“Shit!” he screamed, and he jumped up into the air once. When he landed he spun around, something like a discus thrower, and flung his driver down the fairway a good forty yards; it turned end over end, and when it hit it rapped the ground loudly. He was instantly embarrassed at his loss of control, and he tried to be demure as he stepped back and waited for the others to hit.
Each of the others had hit shots like the one the Chair had just managed. And each of them had, at one time or another, lost control in a similar way. This, and a sense of fundamental comradeship that went with golf at Seaview, prevented them from responding to the Chair's behavior in any uncharitable way.
“Tough luck, Chair; you can still get there in three, still get
a par,” Sammy said before he drove his ball, and the others nodded and grunted in agreement. The Chief did not say anything. He just sat in his sling.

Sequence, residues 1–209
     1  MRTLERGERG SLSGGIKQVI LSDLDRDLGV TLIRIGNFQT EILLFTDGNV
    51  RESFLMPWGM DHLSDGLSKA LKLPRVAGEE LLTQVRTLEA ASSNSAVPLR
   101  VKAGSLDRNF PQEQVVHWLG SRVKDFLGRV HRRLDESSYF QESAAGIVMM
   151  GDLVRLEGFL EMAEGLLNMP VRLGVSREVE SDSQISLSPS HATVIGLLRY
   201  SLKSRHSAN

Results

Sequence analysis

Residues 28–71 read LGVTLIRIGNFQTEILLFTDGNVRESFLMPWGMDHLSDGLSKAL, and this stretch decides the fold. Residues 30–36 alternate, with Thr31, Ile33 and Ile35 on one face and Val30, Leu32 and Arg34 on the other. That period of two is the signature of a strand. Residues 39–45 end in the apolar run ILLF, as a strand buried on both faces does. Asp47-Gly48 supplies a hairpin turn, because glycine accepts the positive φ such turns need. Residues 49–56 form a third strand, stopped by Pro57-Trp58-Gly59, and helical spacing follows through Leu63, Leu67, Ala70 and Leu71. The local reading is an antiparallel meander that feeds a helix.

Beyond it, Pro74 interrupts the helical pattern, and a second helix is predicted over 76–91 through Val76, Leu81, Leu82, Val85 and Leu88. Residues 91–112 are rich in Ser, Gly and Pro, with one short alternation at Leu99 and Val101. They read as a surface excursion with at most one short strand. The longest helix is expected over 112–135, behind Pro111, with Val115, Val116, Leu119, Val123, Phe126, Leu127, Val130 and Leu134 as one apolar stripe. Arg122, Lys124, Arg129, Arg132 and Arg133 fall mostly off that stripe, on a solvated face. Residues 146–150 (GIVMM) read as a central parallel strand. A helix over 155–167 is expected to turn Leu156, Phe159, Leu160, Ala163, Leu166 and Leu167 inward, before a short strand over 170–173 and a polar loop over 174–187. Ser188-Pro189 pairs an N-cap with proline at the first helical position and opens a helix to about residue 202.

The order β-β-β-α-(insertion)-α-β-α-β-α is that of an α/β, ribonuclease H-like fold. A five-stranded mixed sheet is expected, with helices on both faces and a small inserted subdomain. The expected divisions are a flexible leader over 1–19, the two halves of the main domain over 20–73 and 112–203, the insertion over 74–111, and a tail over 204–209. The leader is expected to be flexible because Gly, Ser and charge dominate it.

Sammy and the two others had good drives, and the Chair found his ball easily, hit a fair shot out of the rough, and was beyond the others in three. He tried to keep away from them, to disassociate himself in some way from the mad contraption with the Indian in it that Sammy and Eddie pulled down the fairway, but this was impossible; they were clearly a foursome. The bathers who walked along the path cut in the right rough, heading for the narrow dune passage that led down the cliff to the beach, stopped to stare and point. Somebody who was flying a kite at the edge of the cliff gawked at them, forgetting his kite for a moment, and it drifted in circles and fell in the middle of the fairway. It was a plastic skyhawk, and when the flyer tried to jerk it up again, it danced like an injured bird as the trussed-up carts passed over its line, caught a slight breeze, and rose up a few feet above the carts, flapping insanely, its line caught and twisted in the carts' wheels. The procession paused to disentangle the kite line; the bearded man who was flying it came out in the fairway to help with the mess, and the Chief reached down from where he was slung to give aid. Sammy's feathered fedora bobbed as he and Eddie worked with the knots and twists.